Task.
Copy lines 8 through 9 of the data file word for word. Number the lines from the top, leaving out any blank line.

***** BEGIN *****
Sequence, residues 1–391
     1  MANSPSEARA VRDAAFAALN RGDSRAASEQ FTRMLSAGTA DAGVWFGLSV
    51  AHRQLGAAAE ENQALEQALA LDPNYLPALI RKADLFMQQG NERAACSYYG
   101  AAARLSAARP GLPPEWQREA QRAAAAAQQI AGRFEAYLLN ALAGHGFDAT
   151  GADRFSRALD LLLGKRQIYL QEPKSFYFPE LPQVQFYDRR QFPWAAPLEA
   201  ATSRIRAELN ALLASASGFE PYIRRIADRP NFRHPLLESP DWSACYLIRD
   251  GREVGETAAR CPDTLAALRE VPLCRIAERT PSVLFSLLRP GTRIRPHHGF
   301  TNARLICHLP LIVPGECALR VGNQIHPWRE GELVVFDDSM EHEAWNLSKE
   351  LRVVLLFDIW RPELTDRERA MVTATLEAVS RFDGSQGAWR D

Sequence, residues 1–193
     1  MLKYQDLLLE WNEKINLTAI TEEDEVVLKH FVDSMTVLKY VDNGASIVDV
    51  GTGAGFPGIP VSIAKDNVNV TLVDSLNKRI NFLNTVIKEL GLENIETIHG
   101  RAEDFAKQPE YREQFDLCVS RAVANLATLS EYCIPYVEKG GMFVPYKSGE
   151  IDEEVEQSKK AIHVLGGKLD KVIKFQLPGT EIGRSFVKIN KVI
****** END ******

   301  TNARLICHLP LIVPGECALR VGNQIHPWRE GELVVFDDSM EHEAWNLSKE
   351  LRVVLLFDIW RPELTDRERA MVTATLEAVS RFDGSQGAWR D